People are more willing to share their location data for autonomous vehicles

Posted: 5 March 2018 | | No comments yet

HERE Technologies’ new study showed 76 per cent of people are left stressed and feeling vulnerable about sharing their location data, however 72 per cent appeared willing to share their data for an autonomous car…

People will share their location data for autonomous vehicles, study shows

HERE Technologies’ new survey has highlighted that only 20 per cent of people feel like they have full control over their personal location data, with a common feeling of concern and uncertainty surrounding how companies and service providers collect and use location data.

Forty-four per cent of people accidentally share location data with apps and service providers despite attempts to restrict access. With the frequent worry that companies are abusing public trust means a fundamental rethink is required for the public to be able to embrace new services, such as autonomous cars and drone deliveries.

Dr. Peter Kürpick, Chief Platform Officer at HERE Technologies, said: “People share location data with app providers because of the many benefits, whether it’s food delivery, hailing a ride or getting the most out of social media. But, for many, it can be a trade with which they’re uneasy. While the lack of trust is problematic today, we believe that there could be greater challenges down the road if privacy practices continue to be dominated by a click-to-consent approach.”

The main reasons respondents felt their trust was abused was due to the insufficient controls for management of personal data and the lack of transparency on the data collectors part.

The research included in-depth interviews with international privacy experts, which revealed around 65 per cent of people have shared their location data with an app or provider but just a quarter of respondents were aware of what happens to the data after collection.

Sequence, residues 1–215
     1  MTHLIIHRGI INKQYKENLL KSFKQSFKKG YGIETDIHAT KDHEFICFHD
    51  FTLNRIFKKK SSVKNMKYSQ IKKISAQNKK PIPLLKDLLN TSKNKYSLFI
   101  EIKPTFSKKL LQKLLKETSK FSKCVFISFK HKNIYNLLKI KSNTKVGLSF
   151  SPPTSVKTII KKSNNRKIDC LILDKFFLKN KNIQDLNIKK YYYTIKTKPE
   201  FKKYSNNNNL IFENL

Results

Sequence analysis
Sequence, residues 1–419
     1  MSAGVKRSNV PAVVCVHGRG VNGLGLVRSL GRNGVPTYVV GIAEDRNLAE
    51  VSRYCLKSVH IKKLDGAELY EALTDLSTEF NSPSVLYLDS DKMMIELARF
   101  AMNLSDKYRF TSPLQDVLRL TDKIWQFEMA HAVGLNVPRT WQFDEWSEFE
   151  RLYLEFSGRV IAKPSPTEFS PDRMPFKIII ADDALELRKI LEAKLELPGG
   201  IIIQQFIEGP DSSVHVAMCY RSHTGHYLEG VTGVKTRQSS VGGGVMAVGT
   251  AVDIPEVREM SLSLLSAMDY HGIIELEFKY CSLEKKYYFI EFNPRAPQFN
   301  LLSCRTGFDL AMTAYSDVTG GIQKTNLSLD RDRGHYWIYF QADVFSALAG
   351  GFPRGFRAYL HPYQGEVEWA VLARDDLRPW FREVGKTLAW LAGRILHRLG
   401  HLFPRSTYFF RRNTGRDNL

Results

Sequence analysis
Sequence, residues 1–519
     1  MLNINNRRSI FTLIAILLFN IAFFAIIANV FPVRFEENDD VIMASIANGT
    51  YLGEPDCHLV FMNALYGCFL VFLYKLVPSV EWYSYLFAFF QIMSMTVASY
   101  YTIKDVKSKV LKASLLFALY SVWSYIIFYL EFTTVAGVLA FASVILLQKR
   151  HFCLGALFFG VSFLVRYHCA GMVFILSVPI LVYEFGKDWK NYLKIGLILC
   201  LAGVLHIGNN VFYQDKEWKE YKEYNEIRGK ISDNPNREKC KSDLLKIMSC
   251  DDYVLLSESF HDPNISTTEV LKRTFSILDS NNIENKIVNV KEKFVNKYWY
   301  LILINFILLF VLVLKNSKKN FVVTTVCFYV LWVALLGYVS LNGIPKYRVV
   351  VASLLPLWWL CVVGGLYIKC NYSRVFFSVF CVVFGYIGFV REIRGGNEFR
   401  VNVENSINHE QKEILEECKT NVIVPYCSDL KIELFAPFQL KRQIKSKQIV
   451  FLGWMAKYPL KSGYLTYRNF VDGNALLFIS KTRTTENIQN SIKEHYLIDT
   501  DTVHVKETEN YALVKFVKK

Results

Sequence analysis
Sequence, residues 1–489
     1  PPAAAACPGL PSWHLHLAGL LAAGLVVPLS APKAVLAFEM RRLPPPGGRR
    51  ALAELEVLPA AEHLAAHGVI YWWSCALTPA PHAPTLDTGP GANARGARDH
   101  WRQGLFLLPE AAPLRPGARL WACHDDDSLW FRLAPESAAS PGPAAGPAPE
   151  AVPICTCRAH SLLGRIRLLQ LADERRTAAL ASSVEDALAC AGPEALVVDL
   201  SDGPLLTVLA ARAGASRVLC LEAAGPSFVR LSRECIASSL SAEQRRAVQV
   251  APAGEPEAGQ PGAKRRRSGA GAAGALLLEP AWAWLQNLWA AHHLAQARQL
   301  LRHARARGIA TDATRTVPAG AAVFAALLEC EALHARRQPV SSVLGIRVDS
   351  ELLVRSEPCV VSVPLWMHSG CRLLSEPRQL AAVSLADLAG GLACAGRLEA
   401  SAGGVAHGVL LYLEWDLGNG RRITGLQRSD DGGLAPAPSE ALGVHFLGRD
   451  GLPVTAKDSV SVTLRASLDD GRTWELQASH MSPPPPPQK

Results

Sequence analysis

Less than a fifth of the people questioned trust the laws and regulations that protect against the misuse of their location data and do not believe the services collecting the data will handle it appropriately. 

When it came to improving their trust, 70 per cent of the respondents said they would grant access to a data collector if they knew why their location data was needed, what it was used for and that it was protected, stored safely or systematically deleted. A similar number said they would allow access if they could easily change their settings, withdraw access and delete their history.

The study, that questioned 8,000 people across Australia, Brazil, France, Germany, Japan, the Netherlands, the UK and the US, did show that most people would be open to utilising new technologies to help manage their data. Sixty-three per cent said they would use a ‘privacy service’, which would manage their privacy settings based on their preferences. Meanwhile, 51 per cent said they would entrust their private data management needs to an artificial intelligence bot.

Greater car safety was the highest benefit seen from sharing location data, closely followed by services which enable people to save money and receive discounts or rewards. Seventy-two per cent also appeared willing to share their data for an autonomous car to find the most efficient route. 

Kürpick continued: “Autonomous transportation and other new services will require increasingly time-sensitive and machine-to-machine communications, and for people to enjoy uninterrupted access to these kinds of services, a new approach to privacy is needed. We believe the answer is in equipping people with transparent user-friendly settings that allow them to grant and withdraw access rights as well as manage their privacy preferences, helping them stay in better control of what they’re sharing. We’re exploring privacy-as-a-service concepts for potential development.”

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